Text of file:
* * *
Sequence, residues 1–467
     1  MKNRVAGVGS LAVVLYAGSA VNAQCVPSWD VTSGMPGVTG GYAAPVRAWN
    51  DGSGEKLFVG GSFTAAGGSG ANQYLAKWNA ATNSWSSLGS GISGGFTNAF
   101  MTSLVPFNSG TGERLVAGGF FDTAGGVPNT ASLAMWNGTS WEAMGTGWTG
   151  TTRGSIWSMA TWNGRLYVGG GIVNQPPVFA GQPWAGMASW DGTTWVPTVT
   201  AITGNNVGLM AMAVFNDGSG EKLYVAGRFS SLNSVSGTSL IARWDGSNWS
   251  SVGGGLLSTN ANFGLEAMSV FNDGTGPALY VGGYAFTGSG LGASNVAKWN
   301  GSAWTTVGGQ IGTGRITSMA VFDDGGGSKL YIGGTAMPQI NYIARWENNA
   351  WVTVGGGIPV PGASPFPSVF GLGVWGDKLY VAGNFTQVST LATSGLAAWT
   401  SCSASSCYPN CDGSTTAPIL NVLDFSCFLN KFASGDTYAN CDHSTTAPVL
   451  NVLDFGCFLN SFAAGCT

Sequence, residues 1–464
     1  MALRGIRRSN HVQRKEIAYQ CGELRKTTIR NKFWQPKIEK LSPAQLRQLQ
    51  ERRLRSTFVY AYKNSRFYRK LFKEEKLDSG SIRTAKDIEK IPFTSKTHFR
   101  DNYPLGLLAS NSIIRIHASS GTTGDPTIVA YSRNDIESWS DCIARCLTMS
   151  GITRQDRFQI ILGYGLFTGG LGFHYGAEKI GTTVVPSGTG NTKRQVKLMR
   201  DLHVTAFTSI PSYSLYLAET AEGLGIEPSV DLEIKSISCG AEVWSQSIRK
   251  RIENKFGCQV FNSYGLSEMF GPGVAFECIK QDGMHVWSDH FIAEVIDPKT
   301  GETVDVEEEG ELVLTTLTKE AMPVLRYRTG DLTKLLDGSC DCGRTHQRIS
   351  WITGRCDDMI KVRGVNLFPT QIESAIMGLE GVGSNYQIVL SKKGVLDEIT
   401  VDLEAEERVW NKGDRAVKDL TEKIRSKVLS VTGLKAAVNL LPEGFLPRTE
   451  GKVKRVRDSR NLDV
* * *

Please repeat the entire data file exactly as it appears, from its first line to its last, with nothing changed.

Sequence, residues 1–467
     1  MKNRVAGVGS LAVVLYAGSA VNAQCVPSWD VTSGMPGVTG GYAAPVRAWN
    51  DGSGEKLFVG GSFTAAGGSG ANQYLAKWNA ATNSWSSLGS GISGGFTNAF
   101  MTSLVPFNSG TGERLVAGGF FDTAGGVPNT ASLAMWNGTS WEAMGTGWTG
   151  TTRGSIWSMA TWNGRLYVGG GIVNQPPVFA GQPWAGMASW DGTTWVPTVT
   201  AITGNNVGLM AMAVFNDGSG EKLYVAGRFS SLNSVSGTSL IARWDGSNWS
   251  SVGGGLLSTN ANFGLEAMSV FNDGTGPALY VGGYAFTGSG LGASNVAKWN
   301  GSAWTTVGGQ IGTGRITSMA VFDDGGGSKL YIGGTAMPQI NYIARWENNA
   351  WVTVGGGIPV PGASPFPSVF GLGVWGDKLY VAGNFTQVST LATSGLAAWT
   401  SCSASSCYPN CDGSTTAPIL NVLDFSCFLN KFASGDTYAN CDHSTTAPVL
   451  NVLDFGCFLN SFAAGCT

Sequence, residues 1–464
     1  MALRGIRRSN HVQRKEIAYQ CGELRKTTIR NKFWQPKIEK LSPAQLRQLQ
    51  ERRLRSTFVY AYKNSRFYRK LFKEEKLDSG SIRTAKDIEK IPFTSKTHFR
   101  DNYPLGLLAS NSIIRIHASS GTTGDPTIVA YSRNDIESWS DCIARCLTMS
   151  GITRQDRFQI ILGYGLFTGG LGFHYGAEKI GTTVVPSGTG NTKRQVKLMR
   201  DLHVTAFTSI PSYSLYLAET AEGLGIEPSV DLEIKSISCG AEVWSQSIRK
   251  RIENKFGCQV FNSYGLSEMF GPGVAFECIK QDGMHVWSDH FIAEVIDPKT
   301  GETVDVEEEG ELVLTTLTKE AMPVLRYRTG DLTKLLDGSC DCGRTHQRIS
   351  WITGRCDDMI KVRGVNLFPT QIESAIMGLE GVGSNYQIVL SKKGVLDEIT
   401  VDLEAEERVW NKGDRAVKDL TEKIRSKVLS VTGLKAAVNL LPEGFLPRTE
   451  GKVKRVRDSR NLDV